CFI-I oral out of the way, now let's fly it


Well-Known Member
CFI-I oral out of the way, now let\'s fly it

I thought I would post about my CFII oral exam. The flight is scheduled for next Tuesday.

I was on standby since the examiner had a doctor's appointment this morning and we would do the oral after his appointment. He got out early, called me and gave me the option to do it after lunch or at 11am and go through lunch. I figured, let's get to it. I got there at about 10:30 this morning and got situated in the fish bowl.

He arrived shortly after I did, and started collecting my stuff (written exam, 8710, CFI/Medical certificate, fee....). Then he told me how it would go. All the Areas of Operation and Tasks that we would cover. So, we started with II. Area of Operation, Task A and just went down the line; pitot-static system, gyroscopic instruments, magnetic compass. That took about an hour, then we took a 5 minute break. After my very...very...very thorough start, he wanted to move it along, so we moved to #2-Navigation Equipment. He didn't allow me to go into much detail, he just let me explain enough until he was satisfied I could teach it. I like that.

Then he had me explain the ILS and he wanted to teach me, I think. I told him that the LOC and GS were very sensitive and to not chase the needle or make large heading changes inside the OM. He wanted me to elaborate...I was thinking...huh? His suggestion was that I take a student up VFR and fly the ILS so they can see the needles and what the runway looks like. If the needles aren't moving (they're stable), and if they are within a dot or so, they'll be close enough. You're stable, don't mess with it and add to your workload. His point was, if you show them in VFR conditions it really drives home the point on the LOC/GS's sensitivity. I appreciated that lesson, and will be SURE to demonstrate that on Tuesday. I probably didn't do his point justice with my explanation.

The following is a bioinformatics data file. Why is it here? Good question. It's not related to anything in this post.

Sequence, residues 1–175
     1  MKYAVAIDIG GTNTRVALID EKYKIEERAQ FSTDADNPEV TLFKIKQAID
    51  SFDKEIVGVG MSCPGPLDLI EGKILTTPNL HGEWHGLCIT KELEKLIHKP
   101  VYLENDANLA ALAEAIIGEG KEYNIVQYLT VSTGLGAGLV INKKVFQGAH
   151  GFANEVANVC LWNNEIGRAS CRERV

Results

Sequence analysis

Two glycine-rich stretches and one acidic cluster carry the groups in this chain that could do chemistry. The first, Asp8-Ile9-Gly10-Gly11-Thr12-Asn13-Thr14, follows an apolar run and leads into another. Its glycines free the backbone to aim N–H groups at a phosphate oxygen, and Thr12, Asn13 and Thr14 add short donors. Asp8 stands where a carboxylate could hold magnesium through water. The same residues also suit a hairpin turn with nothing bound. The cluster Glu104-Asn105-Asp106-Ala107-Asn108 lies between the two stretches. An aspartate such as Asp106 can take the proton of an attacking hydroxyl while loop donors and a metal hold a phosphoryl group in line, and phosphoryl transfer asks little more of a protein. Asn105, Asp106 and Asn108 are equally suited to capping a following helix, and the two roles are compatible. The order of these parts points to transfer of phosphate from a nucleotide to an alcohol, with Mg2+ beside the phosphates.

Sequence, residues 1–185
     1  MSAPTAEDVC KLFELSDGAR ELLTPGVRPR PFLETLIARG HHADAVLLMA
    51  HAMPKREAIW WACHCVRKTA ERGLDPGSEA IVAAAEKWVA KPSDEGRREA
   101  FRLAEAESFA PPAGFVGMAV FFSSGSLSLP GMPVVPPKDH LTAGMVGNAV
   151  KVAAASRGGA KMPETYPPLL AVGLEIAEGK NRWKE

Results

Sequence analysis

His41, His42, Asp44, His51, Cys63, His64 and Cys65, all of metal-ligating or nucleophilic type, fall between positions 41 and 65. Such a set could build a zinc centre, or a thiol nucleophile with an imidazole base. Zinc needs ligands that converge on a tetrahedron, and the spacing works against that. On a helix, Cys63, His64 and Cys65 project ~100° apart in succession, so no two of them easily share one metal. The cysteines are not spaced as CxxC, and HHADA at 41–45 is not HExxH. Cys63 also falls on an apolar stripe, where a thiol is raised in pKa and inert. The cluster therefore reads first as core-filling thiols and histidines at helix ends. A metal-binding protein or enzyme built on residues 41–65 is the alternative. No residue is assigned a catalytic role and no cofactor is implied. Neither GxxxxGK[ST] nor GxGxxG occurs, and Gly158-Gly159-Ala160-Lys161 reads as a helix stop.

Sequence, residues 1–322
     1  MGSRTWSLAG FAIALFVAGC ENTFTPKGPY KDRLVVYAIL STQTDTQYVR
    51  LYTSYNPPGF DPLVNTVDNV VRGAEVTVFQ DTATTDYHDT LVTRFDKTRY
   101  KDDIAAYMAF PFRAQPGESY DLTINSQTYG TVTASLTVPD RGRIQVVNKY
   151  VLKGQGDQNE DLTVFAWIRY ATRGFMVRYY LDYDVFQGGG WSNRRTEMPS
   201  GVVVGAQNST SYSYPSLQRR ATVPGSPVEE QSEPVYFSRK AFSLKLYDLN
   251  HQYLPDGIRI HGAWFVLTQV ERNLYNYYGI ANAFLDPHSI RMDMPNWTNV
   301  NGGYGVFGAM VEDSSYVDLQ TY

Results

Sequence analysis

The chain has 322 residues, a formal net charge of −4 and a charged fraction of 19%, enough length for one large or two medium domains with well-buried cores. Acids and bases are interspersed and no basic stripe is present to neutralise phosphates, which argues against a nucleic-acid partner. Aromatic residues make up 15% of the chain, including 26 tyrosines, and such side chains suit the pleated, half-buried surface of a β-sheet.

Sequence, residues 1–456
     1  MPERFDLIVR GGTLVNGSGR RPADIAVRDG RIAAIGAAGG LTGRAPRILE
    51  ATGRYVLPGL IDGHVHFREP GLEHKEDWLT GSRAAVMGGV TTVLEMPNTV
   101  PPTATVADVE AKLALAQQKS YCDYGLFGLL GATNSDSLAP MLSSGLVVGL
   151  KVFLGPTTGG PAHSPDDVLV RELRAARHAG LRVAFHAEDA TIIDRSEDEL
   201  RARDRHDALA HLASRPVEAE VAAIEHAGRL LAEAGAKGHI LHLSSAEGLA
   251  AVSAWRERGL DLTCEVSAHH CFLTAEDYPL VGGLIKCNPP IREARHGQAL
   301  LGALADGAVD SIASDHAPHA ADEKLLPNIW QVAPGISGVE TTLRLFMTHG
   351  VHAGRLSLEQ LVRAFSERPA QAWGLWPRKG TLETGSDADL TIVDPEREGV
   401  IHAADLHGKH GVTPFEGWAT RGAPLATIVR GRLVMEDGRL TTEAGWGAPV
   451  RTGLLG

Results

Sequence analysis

Then we moved on to Task C: Regulations and Publications, I just briefly explained what they were, he stopped me at STARs/DPs/EnRoute charts/SIAP because he said I would cover those in the x-country portion. So, we moved on to Task D: Logbook entries related to instrument instruction. That didn't take long, about 15 minutes. Then we took a 10 minute break, and he told me that I would teach him x-country next.

I got my thoughts together and taught him the IFR cross-country flight planning process. It went really well. I was nervous because when I tried to teach VFR x-country flight planning to the same examiner for my CFI oral, I got so tongue tied and stuttered so much it was horrible. This time was like butter, I was really pleased. I incorporated getting Wx, interpreting Wx, DPs, STARs, Approaches, lost communication procedures, and regulations. He was satisfied, then we moved on to TASK C: Instrument Cockpit Check. That took about 25 minutes or so and we were done.

Total time was about 2.5 hours. I expect the flight to be about 1.7 or so, because I'm suspecting a certain VOR-DME arc that is soooo freakin' long.

Anyways, will report when I finish. Sorry that it was so long, but I hope some find it interesting.


New Member
Re: CFI-I oral out of the way, now let\'s fly it

yes, thank you, getting ready for my II, very informative. From what I have heard from those that have gone through recently, beware of the DME arc!!! I dont know what it is about that thing, but the de seems to love it. If you have a gps, just overlay it as back up, and use vor primary. Good luck


Well-Known Member
Re: CFI-I oral out of the way, now let\'s fly it


If you have any specific questions, you can PM me and I'd be happy to help out if I can.

I'm going up with my instructor on Monday, just to brush some rust off since I haven't flown since last Sunday. The arc isn't so bad, it's just that there's so much time between radials (in the Archer) to be lulled into relaxing and missing a step. I'll be on guard though, and flying the same ARC on MS Flight Sim 2002.

Best of luck man